We add to this various other items that they need in order to earn a living: academic skills, improved attitudes, work experience; in other words, the matter of attending classes regularly and getting the work experience that they need.
Now, it is true that jobs are hard to come by at this time. Nevertheless, with open-ended training that we now have at the centers
only a few graduate at a time. With the help of the employment service and our staff, these graduates are getting jobs.
In the last Federal review in Akron, there were more than 85 percent completions and there were over 70 percent of the graduates getting employment.
This will go as high as 91 percent in certain occupations. It depends on the occupation, of course. Our suggestions in our written testimony point out ways of making institutional manpower even better. We are concerned with the idea of revenue sharing, because we know the problems that the mayors and urban centers face. If I were a mayor, and I had a choice, I suppose I would hire a few more policemen, or pay the policemen I now have working for me more, rather than using the funds for training of the disadvantaged. Therefore, we believe that categorical aid must be continued. If it is not and they have to make a choice, they will place the training of the disadvantaged low on their priorities.
Let's put it this way: Saving these disadvantaged individuals is just as important-I believe maybe more so because they are not going to save their cities if they don't.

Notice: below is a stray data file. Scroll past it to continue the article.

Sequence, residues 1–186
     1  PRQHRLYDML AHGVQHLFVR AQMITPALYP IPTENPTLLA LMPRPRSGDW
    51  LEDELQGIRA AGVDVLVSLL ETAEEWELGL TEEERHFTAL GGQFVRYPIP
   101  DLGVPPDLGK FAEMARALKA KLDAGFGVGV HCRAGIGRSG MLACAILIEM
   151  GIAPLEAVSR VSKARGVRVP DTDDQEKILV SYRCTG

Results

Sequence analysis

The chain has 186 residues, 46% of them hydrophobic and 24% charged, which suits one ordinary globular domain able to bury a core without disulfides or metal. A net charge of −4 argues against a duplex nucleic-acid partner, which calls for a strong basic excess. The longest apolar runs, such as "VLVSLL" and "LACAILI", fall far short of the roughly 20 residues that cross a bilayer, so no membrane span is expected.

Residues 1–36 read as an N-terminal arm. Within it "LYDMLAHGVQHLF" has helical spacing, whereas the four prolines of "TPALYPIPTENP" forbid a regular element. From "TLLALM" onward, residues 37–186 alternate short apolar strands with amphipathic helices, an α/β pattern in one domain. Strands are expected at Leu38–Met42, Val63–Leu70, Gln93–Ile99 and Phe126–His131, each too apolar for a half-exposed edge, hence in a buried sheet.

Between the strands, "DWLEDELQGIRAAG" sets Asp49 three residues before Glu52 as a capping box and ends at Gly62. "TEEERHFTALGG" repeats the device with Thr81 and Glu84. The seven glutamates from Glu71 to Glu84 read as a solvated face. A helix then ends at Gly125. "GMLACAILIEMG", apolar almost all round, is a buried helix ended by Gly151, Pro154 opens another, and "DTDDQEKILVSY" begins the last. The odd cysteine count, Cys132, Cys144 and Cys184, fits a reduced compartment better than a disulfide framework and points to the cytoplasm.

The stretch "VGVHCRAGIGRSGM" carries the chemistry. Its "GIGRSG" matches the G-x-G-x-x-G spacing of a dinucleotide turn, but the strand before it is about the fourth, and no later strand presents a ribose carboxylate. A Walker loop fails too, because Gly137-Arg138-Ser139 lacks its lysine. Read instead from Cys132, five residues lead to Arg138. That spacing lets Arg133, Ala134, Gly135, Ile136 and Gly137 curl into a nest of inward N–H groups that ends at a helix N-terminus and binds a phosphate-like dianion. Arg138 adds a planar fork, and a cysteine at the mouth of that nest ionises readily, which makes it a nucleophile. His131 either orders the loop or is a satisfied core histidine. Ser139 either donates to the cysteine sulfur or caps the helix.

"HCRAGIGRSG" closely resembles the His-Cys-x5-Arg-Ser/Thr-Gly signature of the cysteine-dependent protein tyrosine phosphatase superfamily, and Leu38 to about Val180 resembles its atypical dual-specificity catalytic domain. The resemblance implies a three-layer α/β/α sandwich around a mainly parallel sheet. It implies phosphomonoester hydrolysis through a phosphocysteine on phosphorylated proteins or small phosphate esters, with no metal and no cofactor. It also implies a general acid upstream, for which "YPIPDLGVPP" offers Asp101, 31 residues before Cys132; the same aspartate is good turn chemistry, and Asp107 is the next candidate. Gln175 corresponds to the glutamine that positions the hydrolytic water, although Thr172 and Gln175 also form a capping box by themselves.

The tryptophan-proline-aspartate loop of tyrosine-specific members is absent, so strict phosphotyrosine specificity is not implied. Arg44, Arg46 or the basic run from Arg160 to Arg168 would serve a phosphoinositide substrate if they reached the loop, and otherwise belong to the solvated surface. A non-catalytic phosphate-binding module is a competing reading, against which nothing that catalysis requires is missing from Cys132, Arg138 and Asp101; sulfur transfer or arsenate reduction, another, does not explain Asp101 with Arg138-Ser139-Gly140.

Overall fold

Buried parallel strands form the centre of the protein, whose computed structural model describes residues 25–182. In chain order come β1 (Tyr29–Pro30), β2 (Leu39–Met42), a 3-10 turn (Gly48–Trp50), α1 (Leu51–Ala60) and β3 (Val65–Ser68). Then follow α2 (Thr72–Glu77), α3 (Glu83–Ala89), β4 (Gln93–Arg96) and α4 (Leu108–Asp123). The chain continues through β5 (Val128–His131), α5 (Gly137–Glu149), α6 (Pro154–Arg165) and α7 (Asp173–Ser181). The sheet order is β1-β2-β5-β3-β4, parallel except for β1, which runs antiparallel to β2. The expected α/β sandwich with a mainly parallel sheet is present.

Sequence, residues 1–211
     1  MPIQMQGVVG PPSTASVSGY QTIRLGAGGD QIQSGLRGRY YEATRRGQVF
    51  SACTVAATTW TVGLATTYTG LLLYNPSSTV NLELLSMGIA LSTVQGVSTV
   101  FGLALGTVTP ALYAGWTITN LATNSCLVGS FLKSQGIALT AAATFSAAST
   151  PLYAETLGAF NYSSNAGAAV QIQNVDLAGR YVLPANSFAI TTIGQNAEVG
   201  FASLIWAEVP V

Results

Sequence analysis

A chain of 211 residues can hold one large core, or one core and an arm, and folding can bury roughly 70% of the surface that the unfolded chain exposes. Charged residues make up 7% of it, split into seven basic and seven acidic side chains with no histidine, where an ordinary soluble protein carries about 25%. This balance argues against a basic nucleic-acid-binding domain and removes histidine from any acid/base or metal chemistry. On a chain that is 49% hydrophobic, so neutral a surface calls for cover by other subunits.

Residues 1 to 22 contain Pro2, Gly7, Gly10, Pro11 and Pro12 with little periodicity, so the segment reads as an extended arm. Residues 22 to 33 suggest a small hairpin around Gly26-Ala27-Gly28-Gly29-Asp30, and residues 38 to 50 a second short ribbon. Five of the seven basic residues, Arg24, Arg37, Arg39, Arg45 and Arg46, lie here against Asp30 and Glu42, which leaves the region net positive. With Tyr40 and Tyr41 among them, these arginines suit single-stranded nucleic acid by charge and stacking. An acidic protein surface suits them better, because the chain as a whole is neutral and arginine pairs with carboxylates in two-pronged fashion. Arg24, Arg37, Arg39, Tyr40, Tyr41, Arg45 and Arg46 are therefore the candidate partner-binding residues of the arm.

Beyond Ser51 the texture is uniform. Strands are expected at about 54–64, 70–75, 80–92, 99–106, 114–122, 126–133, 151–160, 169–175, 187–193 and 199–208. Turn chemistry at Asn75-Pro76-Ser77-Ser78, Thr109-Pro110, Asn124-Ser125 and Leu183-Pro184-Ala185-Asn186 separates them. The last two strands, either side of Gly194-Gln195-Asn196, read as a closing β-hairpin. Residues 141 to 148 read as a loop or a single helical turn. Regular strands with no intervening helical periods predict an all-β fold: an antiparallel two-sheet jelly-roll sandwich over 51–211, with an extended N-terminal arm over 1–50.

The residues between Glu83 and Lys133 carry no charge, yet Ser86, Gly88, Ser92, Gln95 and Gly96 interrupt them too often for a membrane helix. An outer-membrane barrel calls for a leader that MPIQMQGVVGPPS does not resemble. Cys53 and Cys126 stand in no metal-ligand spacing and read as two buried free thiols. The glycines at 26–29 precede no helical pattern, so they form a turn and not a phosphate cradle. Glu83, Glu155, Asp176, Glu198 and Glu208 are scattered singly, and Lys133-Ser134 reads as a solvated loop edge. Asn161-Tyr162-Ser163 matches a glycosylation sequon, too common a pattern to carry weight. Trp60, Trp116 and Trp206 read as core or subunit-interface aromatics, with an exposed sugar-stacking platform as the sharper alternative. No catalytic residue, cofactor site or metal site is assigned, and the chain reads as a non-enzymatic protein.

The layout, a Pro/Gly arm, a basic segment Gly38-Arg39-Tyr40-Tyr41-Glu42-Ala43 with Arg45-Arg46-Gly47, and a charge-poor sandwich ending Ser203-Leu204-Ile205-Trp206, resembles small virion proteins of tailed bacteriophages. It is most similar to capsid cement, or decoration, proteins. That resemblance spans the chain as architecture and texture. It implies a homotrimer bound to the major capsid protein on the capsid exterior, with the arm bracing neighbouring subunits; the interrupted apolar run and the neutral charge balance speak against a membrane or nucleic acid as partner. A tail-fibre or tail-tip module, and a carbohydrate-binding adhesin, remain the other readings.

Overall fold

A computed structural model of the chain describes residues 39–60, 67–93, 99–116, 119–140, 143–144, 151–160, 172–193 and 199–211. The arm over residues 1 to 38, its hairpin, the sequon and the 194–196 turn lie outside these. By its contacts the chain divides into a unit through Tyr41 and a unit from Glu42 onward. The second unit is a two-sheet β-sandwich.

I feel that this committee can read what we have requested, and we would be very glad to answer questions.
If Mr. Laux and Mr. Shuttlesworth would like to make any comments, we would like to give them a moment, and then we will answer your questions.
Senator NELSON. We have, over the years, taken lots of testimony on the various problems of manpower training, and training of the disadvantaged.
What we are particularly interested in is the draft of a manpower bill; so what we are particularly interested in is: What should be the design, the mechanical design, of that bill?
Any comments that you may make
Mr. HERBERT. In our statement, we do list the bills that have some of the characteristics that we would like to see incorporated. The one Senate bill that was discussed by Senator Ted Stevens earlier here today-Senate bill 2346-is one we approve. This would be a very favorable piece of legislation, with some recommended changes from our testimony. From our point of view, we feel we could accomplish more if these changes are made.
We listed some of the bills that have been submitted in the House, that could be compromised in order to get the result that we would like to see obtained.
Mr. LAUX. Mr. Chairman, if I may, I would like to indicate that, if the amendments of the Manpower Act that were passed in 1968 had ever been enforced, we would have had a much more viable program operating now.
I would indicate-and we have submitted testimony to this factthat in skill centers, as they have been designated by the Federal Government, we have the provisions to incorporate all of these other agencies on a buy-in basis. We have enjoyed in Cleveland, the city I represent, that opportunity. We have at least seven separate funding sources that are buying into the manpower training skill center, and using it, and doing it under the guidelines as laid out by the Federal Government.